June 17, 2024
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Alcohol and PTSD research: Psychology student receives prestigious fellowship

Eileen Barden, a doctoral student in the psychology program Eileen Barden, a doctoral student in the psychology program
Eileen Barden, a doctoral student in the psychology program Image Credit: Provided photo, with composite by Burt Myers.

All too often, individuals struggling with post-traumatic stress disorder (PTSD) reach for a bottle to quell the pain of their symptoms. Such a choice not only ends up worsening their mental health, but it can wreak havoc on their relationships.

A fifth-year doctoral student in Binghamton University’s clinical psychology program, Eileen Barden studies this painful intersection of substance abuse, PTSD and relationships. In addition to doing clinical work, she conducts research in Assistant Professor Christina Balderrama-Durbin’s Couple Adjustment to Stress and Trauma (CAST) lab, which examines traumas and stressors that affect different populations, including the military.

“Coming from a military family, I am particularly interested in working with the veteran population,” Barden said.

Recently, she received a prestigious two-year fellowship from the Enhancing Diversity in Alcohol Research (EDAR) training program, funded by the National Institute on Alcohol Abuse and Alcoholism. The fellowship provides support in applying to pre-doctoral internships; participants also gain hands-on research experience while working with data and completing a project with the guidance of their EDAR mentor.

EDAR serves a diverse cohort of graduate students from across the United States. Diversity is a strength when it comes to research, both in terms of researchers and study participants, Barden pointed out.

“By being more inclusive, we are better able as a field to gain a greater understanding of how alcohol may influence different aspects of peoples’ lives, which can help inform evidence-based treatments. Bringing in more diversity can also help improve how we measure different research constructs and are able to ask the right research question generally,” she explained.

Born in Japan, Barden came to the United States at the age of 5 and grew up in the Baltimore area, where she later earned her bachelor’s in psychology at the University of Maryland – Baltimore County (UMBC). Prior to her doctoral program, she worked as a lab manager examining emotion regulation processes in relation to PTSD and depression at the University of North Carolina - Greensboro, and also as a research analyst at the Medical University of South Carolina examining the treatment of PTSD and substance use.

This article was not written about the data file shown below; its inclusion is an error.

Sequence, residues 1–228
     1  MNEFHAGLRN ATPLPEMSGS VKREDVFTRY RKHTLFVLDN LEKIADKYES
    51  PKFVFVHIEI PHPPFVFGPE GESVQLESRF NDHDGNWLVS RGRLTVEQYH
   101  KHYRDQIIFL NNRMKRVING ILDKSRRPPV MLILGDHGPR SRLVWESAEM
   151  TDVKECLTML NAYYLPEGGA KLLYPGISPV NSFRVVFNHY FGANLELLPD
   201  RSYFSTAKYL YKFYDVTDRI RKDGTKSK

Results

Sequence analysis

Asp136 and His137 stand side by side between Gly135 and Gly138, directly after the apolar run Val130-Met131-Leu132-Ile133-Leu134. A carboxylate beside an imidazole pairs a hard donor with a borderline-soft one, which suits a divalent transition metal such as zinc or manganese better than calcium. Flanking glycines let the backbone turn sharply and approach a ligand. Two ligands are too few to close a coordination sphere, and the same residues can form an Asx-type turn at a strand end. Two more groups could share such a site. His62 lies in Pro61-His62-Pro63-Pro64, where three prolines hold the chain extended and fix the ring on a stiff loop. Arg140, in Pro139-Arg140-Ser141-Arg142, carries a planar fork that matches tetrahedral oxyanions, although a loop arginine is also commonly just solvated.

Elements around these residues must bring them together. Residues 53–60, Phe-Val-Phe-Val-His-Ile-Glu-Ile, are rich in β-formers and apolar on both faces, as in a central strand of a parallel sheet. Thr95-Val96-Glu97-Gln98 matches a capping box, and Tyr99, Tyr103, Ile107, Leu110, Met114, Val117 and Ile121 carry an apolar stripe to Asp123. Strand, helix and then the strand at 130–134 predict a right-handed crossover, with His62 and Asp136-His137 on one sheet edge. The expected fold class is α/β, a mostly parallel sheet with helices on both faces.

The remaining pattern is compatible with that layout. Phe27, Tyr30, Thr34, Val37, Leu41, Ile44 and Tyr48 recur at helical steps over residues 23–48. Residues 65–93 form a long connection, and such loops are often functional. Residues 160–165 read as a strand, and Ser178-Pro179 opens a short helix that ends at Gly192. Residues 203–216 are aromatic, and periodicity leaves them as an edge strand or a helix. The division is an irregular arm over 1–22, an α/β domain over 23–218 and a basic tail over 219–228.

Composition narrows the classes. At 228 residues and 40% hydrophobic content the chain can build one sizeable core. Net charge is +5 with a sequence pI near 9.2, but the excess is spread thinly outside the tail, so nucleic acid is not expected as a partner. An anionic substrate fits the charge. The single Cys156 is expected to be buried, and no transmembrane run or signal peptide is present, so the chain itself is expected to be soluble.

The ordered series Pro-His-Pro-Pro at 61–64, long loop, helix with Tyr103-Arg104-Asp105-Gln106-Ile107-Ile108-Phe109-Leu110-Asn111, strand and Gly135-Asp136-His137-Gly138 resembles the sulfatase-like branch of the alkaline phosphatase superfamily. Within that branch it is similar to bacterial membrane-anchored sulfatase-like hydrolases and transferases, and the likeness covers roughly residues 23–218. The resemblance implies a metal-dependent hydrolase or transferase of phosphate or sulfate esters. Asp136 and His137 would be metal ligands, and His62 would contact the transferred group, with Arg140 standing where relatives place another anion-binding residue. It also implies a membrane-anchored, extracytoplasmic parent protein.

She came to Binghamton specifically to work with Balderrama-Durbin and has learned a great deal from her mentor, from forming research questions and designing studies to the ins and outs of academic publishing. In addition to Balderrama-Durbin, she also found inspiration in Psychological Clinic Director Thomas Harding for his commitment to training students to excel in the field, she said.

Barden’s initial interests centered on how individuals can survive and thrive after experiencing trauma and chronic stressors. During her research and clinical practice, she learned more about the pervasive nature of substance abuse that often coincides with PTSD, particularly alcohol, and how romantic relationships can influence outcomes.

“Throughout my training, it became clear to me that to gain a better understanding of the trajectories of PTSD, it is important utilize a comprehensive perspective,” she explained. “I usually approach research and clinical practice from the biopsychosocial model.”

After earning her doctorate, Barden plans to continue clinical work serving veterans, and conducting PTSD and alcohol use research within a Veterans Administration medical center.

“Eileen has built an impressive record of scholarship and is so deserving of this type of recognition. She has an outstanding dedication to improving the mental health of historically marginalized and high-risk populations exposed to trauma,” said Balderrama-Durbin. “No doubt with Eileen’s determination and aptitude, she will continue to emerge as a leader in the field of post-traumatic stress and alcohol use.”

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